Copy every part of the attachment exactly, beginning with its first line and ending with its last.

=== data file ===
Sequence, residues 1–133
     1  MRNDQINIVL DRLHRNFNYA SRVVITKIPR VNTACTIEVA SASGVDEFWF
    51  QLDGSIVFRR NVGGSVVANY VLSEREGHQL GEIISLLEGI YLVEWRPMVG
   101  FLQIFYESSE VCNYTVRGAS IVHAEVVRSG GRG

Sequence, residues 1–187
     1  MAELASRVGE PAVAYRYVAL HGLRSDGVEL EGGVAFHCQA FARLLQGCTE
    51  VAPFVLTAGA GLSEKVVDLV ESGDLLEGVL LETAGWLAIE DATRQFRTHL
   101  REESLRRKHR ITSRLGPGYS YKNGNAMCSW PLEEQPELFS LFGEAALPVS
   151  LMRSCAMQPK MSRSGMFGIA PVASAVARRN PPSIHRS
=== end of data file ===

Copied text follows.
Sequence, residues 1–133
     1  MRNDQINIVL DRLHRNFNYA SRVVITKIPR VNTACTIEVA SASGVDEFWF
    51  QLDGSIVFRR NVGGSVVANY VLSEREGHQL GEIISLLEGI YLVEWRPMVG
   101  FLQIFYESSE VCNYTVRGAS IVHAEVVRSG GRG

Sequence, residues 1–187
     1  MAELASRVGE PAVAYRYVAL HGLRSDGVEL EGGVAFHCQA FARLLQGCTE
    51  VAPFVLTAGA GLSEKVVDLV ESGDLLEGVL LETAGWLAIE DATRQFRTHL
   101  REESLRRKHR ITSRLGPGYS YKNGNAMCSW PLEEQPELFS LFGEAALPVS
   151  LMRSCAMQPK MSRSGMFGIA PVASAVARRN PPSIHRS